Pubdate: Wed, 22 Jun 2005
Source: Daily Mountain Eagle (Jasper, AL)
Copyright: 2005 Daily Mountain Eagle
Author: Ed Howel


Walker County Jail administrator Trent McCluskey said it is true that 
medical costs are rising and much of that problem goes back to the 
drug addictions that are overtaking prisoners and forcing them into crime.

McCluskey called on state legislators to find some type of relief, as 
he said all counties were feeling the effects of rising medical costs 
for prisoners.

"We need them to address this," he said.

At the end of the 2004 fiscal year, members of the Walker County 
Commission had expressed major concerns about medical costs at the 
jail, where $400,000 had been spent just in the first nine months of 
calendar year 2004 and huge overruns were posted due to mounting medical bills.

"Everyone is concerned about our costs," Commission Chairman Bruce 
Hamrick said at Monday's commission meeting.

McCluskey said Gold Medical Services has been the medical provider 
for the county jail over the past five years. That firm is providing 
a nurse two times a day and a doctor two times per week, plus a nurse 
during emergencies.

"Gold Medical Service does an outstanding job here," McCluskey said, 
noting they have kept notes, made medical calls and been available to 
come to court when needed.

He said his knowledge about Southern Health Partners is very limited, 
and he only answered a couple of questions from Wes Williamson, vice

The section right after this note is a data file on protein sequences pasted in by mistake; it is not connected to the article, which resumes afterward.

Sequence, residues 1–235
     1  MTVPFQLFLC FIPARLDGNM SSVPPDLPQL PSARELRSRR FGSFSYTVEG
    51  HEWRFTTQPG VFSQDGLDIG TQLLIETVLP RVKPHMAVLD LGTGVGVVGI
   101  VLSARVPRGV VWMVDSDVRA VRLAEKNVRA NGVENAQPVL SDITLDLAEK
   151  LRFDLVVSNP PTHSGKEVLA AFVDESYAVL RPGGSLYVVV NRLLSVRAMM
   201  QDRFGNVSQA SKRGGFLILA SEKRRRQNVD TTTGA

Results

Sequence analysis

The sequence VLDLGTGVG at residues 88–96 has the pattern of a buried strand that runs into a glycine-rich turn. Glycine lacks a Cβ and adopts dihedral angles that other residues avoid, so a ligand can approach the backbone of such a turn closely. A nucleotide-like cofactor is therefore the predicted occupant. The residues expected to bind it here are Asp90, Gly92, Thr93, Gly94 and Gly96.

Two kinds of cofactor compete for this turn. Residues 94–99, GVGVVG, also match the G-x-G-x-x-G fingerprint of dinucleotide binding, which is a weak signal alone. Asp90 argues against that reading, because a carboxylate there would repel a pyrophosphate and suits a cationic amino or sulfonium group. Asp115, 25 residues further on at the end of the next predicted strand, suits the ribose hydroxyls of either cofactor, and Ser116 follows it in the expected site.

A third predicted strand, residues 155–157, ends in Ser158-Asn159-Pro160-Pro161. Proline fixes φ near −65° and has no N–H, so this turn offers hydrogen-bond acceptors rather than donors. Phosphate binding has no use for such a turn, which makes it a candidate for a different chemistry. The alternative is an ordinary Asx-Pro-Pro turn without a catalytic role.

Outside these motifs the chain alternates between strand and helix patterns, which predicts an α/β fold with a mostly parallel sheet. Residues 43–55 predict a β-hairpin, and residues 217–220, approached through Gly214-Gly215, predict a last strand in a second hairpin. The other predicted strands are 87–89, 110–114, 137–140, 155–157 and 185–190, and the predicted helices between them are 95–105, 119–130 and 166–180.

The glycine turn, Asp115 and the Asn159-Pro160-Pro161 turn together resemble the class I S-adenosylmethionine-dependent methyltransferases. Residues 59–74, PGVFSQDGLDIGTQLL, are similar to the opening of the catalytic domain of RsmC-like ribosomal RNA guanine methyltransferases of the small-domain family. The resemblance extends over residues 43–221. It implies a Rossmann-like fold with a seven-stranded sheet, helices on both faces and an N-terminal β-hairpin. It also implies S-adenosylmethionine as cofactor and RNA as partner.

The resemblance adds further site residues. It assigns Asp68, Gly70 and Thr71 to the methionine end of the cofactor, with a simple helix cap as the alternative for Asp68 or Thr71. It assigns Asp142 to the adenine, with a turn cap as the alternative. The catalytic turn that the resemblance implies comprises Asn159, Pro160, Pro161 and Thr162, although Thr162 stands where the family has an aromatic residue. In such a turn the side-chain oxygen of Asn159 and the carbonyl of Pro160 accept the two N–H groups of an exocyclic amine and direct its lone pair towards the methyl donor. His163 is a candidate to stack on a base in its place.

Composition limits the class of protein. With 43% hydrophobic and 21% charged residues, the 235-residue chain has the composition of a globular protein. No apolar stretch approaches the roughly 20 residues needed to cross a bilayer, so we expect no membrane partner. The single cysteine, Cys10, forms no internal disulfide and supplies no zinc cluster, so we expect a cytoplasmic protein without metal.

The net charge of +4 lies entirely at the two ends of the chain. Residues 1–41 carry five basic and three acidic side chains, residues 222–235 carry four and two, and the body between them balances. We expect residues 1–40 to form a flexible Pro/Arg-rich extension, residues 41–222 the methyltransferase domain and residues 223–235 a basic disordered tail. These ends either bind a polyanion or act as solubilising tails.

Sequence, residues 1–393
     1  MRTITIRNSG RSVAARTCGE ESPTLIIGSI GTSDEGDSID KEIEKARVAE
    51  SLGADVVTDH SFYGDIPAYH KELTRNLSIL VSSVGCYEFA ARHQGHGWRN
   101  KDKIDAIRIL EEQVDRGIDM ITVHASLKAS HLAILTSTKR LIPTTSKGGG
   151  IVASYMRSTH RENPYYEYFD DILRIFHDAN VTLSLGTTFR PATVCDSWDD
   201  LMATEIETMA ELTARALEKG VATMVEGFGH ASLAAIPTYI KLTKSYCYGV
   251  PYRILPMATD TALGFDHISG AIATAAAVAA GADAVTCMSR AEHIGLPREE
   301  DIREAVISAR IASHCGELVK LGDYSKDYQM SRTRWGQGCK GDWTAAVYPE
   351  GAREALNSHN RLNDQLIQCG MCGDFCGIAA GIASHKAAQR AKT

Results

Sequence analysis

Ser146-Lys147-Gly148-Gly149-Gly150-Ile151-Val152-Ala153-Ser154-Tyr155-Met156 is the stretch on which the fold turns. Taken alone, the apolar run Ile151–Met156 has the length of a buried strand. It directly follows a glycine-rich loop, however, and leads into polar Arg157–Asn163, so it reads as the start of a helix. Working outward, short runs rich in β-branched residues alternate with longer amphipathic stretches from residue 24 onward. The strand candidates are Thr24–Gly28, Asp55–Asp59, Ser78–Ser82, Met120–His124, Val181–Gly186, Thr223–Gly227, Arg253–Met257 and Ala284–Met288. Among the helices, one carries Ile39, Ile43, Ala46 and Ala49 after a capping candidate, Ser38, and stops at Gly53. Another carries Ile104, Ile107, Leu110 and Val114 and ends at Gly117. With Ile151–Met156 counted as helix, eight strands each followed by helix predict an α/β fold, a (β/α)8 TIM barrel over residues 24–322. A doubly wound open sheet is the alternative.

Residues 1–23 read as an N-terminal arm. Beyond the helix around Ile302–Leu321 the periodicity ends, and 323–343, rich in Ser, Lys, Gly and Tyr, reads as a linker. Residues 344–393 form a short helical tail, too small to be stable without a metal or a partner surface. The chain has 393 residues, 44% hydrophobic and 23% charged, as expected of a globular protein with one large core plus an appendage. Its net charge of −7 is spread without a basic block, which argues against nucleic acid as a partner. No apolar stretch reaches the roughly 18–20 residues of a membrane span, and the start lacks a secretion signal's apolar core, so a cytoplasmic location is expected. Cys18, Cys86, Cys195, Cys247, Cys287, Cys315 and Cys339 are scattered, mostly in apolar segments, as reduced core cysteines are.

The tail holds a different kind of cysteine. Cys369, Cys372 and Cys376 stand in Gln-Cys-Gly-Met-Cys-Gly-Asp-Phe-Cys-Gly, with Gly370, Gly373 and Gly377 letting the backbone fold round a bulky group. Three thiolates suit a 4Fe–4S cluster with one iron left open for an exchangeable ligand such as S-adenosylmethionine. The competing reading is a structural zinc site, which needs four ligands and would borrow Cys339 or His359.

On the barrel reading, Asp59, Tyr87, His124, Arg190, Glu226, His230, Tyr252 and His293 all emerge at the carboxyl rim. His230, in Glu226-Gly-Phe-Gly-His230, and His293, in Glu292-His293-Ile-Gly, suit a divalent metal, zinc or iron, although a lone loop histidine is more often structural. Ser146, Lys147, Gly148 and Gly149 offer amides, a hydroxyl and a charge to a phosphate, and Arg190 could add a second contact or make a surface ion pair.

president for sales of Southern Health Partners, when they spoke on 
the phone Friday. However, he knew of Williamson from his days 
running the Etowah County jail, saying he was a "quality person."

In the end, he said it is the county commission that negotiates and 
contracts to gets medical services for county prisoners. He did not 
know how Southern Health Partners differs from Gold Medical Service's 
current contract terms.

As of Tuesday, the jail population which would come under county 
medical services numbered 226, McCluskey said. He guessed last year 
the total cost to the county for medical services for prisoners 
probably amounted to $500,000. While the county had already spent 
$400,000 by September last year, this calendar year the county has 
already passed that mark, he said.

Other prisoners that are under work release or state custody would 
not qualify but are in addition to the 226 that do, he said, adding 
the number of people to care for always seems to be growing.

While sentencing alternatives exist, there are some cases, such as 
those who have not gone to trial yet, where the county can only do so 
much. He said there was one felony defendant who once had to go to 
jail for gall bladder surgery - and then tried to escape from the 
hospital, for which she was convicted for even before her original crime.

McCluskey said in many cases those who are coming to jail have not 
taken great care of themselves, and in many cases are substance 
abusers or people with other illnesses.

Once in the prison population, many prisoners became desperate to 
have some type of medication to satisfy their longing for drugs.

"Substance abusers will break a bone intentionally to get a 
substance," he said. "Substance abuse is a big problem that's 
affecting what you deal with here."

McCluskey said he knows of a couple of cases where other prisoners 
have even helped in jumping or stepping on someone's arm or leg to 
break the bone.
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